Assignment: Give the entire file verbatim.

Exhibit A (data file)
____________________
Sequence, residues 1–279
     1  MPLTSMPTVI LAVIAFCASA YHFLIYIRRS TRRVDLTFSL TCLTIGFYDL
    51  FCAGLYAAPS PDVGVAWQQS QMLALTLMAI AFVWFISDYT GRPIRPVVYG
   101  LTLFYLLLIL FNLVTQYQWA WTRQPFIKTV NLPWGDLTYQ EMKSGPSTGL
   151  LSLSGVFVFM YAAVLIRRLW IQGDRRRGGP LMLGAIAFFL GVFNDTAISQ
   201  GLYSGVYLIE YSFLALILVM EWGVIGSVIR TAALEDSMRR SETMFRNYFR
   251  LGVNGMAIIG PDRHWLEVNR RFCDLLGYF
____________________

Sequence, residues 1–279
     1  MPLTSMPTVI LAVIAFCASA YHFLIYIRRS TRRVDLTFSL TCLTIGFYDL
    51  FCAGLYAAPS PDVGVAWQQS QMLALTLMAI AFVWFISDYT GRPIRPVVYG
   101  LTLFYLLLIL FNLVTQYQWA WTRQPFIKTV NLPWGDLTYQ EMKSGPSTGL
   151  LSLSGVFVFM YAAVLIRRLW IQGDRRRGGP LMLGAIAFFL GVFNDTAISQ
   201  GLYSGVYLIE YSFLALILVM EWGVIGSVIR TAALEDSMRR SETMFRNYFR
   251  LGVNGMAIIG PDRHWLEVNR RFCDLLGYF